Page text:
What in the world has become of the U.S.?
Here in Finland they do this all the time, and it’s mandatory to stop, wait for them to shove a plastic blow whistle into your mouth, and then you can proceed on your way, in spite of no probable cause (suspicion) whatsoever that you’ve done something wrong.
NOTE: I always make it a point to (politely) give them a piece of my mind why I think it violates my civil rights, in spite of it being de facto Finnish law. They always say that ”it saves lives” though the rest of the time they spend little on Finnish roads observing traffic. Stopping people for probable cause only might sound like a less effective way in dealing with drunk driving, but it’s the price we have to pay of securing, maintaining a free society, and well worth it.
Voluntary government checkpoints spark backlash
Checkpoints, which the government insists are voluntary, are creating a backlash because of the presence of uniformed police officers. Some police departments won’t participate anymore.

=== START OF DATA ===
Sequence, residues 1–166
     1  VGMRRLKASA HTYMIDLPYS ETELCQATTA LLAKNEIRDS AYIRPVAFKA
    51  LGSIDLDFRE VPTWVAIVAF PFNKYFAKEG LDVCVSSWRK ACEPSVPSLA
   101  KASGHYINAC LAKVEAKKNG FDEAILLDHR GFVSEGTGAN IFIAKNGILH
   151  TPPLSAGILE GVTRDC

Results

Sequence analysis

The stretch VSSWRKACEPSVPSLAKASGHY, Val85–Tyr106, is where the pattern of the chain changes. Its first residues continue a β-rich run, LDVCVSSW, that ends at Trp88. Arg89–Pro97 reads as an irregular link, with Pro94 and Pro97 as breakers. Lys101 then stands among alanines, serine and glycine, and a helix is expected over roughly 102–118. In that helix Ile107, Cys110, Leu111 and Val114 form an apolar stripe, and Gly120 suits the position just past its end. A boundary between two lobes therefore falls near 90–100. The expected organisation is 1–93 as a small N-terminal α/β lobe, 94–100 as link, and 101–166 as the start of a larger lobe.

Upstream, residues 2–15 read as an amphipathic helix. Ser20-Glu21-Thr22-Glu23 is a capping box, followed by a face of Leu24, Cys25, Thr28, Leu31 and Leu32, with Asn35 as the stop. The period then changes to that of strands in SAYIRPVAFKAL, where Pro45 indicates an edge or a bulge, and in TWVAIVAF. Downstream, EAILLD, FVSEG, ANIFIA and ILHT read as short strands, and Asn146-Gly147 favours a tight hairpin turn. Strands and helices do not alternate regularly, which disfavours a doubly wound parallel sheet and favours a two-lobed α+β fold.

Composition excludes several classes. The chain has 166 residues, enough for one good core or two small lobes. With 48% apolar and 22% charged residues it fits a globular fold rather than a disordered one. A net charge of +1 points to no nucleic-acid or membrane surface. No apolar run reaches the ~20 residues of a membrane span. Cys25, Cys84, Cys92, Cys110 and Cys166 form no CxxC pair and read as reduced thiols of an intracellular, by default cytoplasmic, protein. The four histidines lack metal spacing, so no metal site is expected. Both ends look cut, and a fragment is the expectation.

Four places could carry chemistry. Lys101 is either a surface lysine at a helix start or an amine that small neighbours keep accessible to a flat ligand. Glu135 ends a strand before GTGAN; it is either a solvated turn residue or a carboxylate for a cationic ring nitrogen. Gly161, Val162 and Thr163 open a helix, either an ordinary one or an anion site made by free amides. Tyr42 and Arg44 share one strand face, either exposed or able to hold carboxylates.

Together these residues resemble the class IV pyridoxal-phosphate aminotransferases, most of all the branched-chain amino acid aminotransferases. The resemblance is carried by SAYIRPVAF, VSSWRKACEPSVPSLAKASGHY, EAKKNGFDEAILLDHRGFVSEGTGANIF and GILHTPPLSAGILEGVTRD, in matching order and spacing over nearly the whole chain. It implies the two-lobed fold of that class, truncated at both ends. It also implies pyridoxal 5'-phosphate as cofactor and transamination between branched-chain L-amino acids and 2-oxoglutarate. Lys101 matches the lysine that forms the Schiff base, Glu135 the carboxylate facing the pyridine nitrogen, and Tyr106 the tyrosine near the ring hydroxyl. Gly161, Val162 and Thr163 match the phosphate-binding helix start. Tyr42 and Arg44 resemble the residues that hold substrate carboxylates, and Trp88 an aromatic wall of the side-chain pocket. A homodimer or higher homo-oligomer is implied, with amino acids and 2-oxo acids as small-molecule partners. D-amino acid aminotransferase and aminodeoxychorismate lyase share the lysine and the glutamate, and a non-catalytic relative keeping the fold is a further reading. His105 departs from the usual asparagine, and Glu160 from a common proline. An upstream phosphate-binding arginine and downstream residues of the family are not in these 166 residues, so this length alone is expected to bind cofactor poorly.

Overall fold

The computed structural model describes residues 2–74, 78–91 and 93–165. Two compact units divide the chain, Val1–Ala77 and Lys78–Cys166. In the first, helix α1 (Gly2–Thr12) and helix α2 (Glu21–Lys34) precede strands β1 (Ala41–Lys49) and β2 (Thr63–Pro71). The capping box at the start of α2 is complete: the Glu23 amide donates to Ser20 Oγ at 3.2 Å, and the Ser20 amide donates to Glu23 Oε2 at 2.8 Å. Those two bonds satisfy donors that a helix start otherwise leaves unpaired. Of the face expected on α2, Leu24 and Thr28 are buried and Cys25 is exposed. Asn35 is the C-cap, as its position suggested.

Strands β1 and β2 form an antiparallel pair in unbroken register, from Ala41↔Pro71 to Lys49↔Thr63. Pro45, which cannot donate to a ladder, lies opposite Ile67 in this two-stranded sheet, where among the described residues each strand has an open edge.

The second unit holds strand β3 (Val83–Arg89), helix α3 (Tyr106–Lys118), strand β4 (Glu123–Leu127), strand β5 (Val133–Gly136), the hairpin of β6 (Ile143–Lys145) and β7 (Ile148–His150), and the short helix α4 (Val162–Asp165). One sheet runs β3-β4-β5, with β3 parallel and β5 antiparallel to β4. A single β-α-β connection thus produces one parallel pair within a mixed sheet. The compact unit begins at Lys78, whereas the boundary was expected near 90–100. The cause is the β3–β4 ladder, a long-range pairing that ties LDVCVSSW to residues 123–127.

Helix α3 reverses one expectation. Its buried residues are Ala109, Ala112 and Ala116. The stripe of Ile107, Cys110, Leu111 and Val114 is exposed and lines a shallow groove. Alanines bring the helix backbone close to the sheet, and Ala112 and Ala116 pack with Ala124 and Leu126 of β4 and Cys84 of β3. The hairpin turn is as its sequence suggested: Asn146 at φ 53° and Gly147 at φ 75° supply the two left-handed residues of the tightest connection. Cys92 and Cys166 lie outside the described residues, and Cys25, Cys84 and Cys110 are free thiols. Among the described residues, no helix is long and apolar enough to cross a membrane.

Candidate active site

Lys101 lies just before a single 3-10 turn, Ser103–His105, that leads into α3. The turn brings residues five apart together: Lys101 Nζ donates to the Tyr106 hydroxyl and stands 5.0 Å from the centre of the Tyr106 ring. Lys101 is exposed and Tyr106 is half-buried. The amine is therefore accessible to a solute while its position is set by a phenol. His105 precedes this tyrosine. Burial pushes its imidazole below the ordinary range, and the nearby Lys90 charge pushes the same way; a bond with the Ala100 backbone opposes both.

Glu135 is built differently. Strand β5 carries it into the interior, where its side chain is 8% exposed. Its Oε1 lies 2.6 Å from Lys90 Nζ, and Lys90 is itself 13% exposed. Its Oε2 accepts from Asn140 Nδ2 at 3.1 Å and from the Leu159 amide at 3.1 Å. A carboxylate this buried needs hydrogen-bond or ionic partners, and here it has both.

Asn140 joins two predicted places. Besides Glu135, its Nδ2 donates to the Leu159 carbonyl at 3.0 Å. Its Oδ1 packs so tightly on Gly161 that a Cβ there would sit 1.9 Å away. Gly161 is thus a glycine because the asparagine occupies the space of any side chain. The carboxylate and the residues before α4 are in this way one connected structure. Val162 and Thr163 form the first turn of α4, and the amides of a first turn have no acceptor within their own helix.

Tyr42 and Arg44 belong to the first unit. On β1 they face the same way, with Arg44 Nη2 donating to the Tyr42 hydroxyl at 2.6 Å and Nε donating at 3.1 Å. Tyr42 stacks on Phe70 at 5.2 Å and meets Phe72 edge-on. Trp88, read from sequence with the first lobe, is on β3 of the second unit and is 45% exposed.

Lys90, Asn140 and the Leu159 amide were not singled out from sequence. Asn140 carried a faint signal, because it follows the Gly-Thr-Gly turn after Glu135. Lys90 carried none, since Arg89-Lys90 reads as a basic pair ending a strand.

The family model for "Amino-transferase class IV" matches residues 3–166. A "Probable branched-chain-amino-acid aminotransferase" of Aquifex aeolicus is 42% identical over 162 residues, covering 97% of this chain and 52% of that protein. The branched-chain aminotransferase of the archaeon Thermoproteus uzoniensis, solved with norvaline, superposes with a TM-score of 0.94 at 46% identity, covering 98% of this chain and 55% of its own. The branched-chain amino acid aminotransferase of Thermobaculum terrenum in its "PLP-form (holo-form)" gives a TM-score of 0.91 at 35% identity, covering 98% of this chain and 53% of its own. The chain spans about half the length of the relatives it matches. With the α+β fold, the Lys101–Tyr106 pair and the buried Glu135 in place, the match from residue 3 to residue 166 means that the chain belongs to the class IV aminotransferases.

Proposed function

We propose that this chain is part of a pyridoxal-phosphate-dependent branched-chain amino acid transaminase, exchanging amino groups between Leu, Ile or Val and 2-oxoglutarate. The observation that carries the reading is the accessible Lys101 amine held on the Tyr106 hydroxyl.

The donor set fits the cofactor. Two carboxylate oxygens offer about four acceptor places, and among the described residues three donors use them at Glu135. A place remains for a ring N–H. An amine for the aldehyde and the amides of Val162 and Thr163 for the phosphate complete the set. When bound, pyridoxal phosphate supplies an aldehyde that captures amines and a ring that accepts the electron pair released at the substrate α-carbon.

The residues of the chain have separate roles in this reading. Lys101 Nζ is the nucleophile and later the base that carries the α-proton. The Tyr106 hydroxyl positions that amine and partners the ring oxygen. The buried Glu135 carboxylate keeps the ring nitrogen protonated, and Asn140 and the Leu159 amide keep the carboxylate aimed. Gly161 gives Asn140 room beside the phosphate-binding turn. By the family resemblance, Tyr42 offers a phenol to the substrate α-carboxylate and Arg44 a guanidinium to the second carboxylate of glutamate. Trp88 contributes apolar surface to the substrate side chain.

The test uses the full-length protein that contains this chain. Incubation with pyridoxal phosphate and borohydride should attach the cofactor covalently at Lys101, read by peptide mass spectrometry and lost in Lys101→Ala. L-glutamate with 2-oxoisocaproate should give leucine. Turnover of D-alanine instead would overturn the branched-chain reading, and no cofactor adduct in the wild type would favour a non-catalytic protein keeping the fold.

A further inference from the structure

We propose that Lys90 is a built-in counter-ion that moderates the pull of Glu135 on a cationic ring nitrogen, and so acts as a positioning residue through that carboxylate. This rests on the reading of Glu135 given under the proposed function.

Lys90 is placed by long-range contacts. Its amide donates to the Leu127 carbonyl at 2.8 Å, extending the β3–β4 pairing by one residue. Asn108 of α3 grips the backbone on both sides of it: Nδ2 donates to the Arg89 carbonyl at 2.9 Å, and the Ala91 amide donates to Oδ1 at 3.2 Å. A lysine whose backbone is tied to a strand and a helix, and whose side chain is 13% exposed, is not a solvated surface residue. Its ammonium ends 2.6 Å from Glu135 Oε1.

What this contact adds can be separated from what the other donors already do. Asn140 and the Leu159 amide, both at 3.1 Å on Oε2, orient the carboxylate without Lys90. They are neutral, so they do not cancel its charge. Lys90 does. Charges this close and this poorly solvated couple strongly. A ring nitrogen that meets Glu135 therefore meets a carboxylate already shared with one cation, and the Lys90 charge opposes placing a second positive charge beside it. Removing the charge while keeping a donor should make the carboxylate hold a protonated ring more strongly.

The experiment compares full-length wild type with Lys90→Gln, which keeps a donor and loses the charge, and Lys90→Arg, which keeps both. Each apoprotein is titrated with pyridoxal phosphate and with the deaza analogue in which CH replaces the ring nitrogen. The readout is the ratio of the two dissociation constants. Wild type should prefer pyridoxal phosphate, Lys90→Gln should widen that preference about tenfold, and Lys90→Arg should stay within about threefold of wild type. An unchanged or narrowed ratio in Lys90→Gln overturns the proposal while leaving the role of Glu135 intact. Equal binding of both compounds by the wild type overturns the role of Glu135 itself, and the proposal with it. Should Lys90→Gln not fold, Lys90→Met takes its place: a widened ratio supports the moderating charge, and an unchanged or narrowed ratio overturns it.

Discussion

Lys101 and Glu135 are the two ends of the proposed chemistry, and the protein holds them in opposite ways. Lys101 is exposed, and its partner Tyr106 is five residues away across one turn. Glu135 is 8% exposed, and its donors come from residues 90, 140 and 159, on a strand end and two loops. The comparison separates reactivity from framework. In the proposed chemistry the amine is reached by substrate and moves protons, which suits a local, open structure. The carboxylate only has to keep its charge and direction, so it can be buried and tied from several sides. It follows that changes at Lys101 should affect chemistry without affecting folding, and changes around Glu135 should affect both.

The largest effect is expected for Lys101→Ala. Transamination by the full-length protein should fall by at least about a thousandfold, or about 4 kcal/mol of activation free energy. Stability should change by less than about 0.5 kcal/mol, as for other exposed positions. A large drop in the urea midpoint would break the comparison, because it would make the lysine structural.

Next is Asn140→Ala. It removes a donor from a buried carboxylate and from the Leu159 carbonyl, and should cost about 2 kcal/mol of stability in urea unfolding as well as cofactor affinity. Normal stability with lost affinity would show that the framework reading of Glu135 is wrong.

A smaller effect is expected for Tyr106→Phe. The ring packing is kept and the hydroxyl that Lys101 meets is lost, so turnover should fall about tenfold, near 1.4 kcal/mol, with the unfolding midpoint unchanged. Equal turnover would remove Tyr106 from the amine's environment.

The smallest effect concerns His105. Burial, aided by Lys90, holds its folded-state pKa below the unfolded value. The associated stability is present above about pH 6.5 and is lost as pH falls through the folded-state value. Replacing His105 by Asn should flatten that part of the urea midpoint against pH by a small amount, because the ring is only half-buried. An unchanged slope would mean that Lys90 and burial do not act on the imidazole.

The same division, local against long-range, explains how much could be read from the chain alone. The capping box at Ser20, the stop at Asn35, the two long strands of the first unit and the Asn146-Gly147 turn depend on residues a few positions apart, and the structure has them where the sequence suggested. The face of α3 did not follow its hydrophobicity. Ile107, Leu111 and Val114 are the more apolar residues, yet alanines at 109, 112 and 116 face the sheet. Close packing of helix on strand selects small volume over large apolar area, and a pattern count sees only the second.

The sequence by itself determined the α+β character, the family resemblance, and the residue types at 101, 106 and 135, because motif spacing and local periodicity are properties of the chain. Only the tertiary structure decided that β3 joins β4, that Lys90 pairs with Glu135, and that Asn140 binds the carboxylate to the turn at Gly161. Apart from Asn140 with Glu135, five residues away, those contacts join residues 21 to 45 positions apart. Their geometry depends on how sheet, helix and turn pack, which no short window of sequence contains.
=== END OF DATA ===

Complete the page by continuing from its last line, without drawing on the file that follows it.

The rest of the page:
A tactic used by the federal government to gather information for anti-drunken and drugged driving programs is coming under criticism in cities around the country, and some local police agencies say they will no longer take part.
The tactic involves a subcontractor for the National Highway Traffic Safety Administration that uses off-duty but uniformed police at voluntary roadside checkpoints where motorists are asked on their behavior behind the wheel. In some cases, workers at the checkpoints collect blood and saliva samples, in addition to breath samples. NHTSA has said previously that the surveys do not collect any DNA. Drivers are not charged at the checkpoints.
In an era of rampant distrust of the federal government and in the wake of the Obama administration’s National Security Agency surveillance scandal in which the agency has collected telephone calling records from millions of unsuspecting Americans, the checkpoints have come under intense criticism in several cities this year.